Title: When in Doubt Laugh: The Depoliticized Girl as the Perfect Neoliberal Citizen
By Assistant Professor Natalie H. Coulter from Communication Studies, York University, Toronto, Canada
More info on the speaker: https://profiles.laps.yorku.ca/profiles/ncoulter/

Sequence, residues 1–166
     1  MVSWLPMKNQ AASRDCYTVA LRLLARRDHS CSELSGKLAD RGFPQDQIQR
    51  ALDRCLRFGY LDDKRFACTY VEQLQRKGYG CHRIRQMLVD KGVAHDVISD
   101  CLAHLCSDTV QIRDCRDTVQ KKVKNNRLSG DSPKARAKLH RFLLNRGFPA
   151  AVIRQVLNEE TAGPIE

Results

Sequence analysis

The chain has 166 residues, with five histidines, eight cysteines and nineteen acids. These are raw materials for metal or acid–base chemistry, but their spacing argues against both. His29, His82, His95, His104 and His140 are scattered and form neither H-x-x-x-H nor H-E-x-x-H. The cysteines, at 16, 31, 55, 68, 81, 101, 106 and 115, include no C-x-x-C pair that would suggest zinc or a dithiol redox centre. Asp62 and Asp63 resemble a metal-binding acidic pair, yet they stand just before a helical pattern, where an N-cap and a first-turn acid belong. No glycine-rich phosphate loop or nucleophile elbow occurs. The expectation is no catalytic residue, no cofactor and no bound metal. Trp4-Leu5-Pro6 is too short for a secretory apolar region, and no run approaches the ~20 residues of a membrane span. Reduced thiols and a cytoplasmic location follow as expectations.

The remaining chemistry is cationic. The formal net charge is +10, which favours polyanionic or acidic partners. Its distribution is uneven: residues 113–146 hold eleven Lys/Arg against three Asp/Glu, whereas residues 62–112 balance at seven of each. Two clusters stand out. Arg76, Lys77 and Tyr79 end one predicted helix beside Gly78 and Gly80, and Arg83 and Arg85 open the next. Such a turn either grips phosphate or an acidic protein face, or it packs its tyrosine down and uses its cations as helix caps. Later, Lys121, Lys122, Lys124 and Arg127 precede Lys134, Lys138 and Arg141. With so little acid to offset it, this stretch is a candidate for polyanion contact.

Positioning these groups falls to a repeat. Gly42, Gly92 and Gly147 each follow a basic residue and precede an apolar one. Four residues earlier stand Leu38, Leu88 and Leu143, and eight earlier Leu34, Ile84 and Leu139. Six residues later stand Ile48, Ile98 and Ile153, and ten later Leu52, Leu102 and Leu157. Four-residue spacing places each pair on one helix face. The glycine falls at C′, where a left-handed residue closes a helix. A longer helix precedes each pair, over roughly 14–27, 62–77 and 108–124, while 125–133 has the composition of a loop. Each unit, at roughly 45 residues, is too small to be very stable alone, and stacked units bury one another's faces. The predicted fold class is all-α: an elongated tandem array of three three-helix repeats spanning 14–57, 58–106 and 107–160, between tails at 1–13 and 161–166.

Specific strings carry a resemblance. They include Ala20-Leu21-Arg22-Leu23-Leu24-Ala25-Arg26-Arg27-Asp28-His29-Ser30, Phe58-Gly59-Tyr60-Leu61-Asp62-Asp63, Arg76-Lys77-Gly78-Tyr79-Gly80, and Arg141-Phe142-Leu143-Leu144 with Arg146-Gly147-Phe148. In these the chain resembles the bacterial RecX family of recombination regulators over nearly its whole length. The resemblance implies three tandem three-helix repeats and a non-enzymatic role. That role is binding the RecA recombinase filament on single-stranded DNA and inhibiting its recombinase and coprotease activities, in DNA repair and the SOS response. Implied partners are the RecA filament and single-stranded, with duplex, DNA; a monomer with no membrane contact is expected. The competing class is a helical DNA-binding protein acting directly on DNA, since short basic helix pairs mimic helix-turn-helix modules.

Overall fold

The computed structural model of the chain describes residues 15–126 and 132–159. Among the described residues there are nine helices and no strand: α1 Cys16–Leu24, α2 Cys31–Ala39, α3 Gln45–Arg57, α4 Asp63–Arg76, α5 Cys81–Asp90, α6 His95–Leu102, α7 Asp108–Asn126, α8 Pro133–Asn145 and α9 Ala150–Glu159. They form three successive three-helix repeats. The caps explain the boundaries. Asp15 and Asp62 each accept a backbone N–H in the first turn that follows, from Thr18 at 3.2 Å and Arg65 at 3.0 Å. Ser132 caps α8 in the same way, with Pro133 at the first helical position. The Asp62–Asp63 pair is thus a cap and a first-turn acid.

Advertisements of girls, portray girls in a state of the ecstasy of fun, mouths wide open in huge laughs, eyes bright with pleasure. Focusing on tween girl retailer, Justice as a research site, I argue girls are expected to be constantly in a hyper state of funness. Fun functions as a form of affective labour that depoliticizes the acts of consumption and legitimates neoliberalism. Using Sarah Ahmed’s critique of the affective labour of the happy housewife, and also Dan Cook’s work on the fun and childhood, my work theorizes how fun has become an effective/ affective tool in the production of the neoliberal citizen. Fun acts as a “moral cover” to legitimate advertisers and marketer’s incursion into our lives and reifies the subjective positions of being a consumer (Cook 2009). Fun functions as a means to depoliticize the act of consumption, fun. Girls and women are often shown the ecstasy of fun and are used as tropes to validate moments as fun. There is a long history of the female subject performing pleasure for the male gaze in a system of patriarchal capitalism. Drawing on a feminist reading of affect theory, this paper will further explore how the labour of fun, is a gendered performance that produces the ideal neoliberal consuming subject; depoliticized and complicit in the workings of capitalism.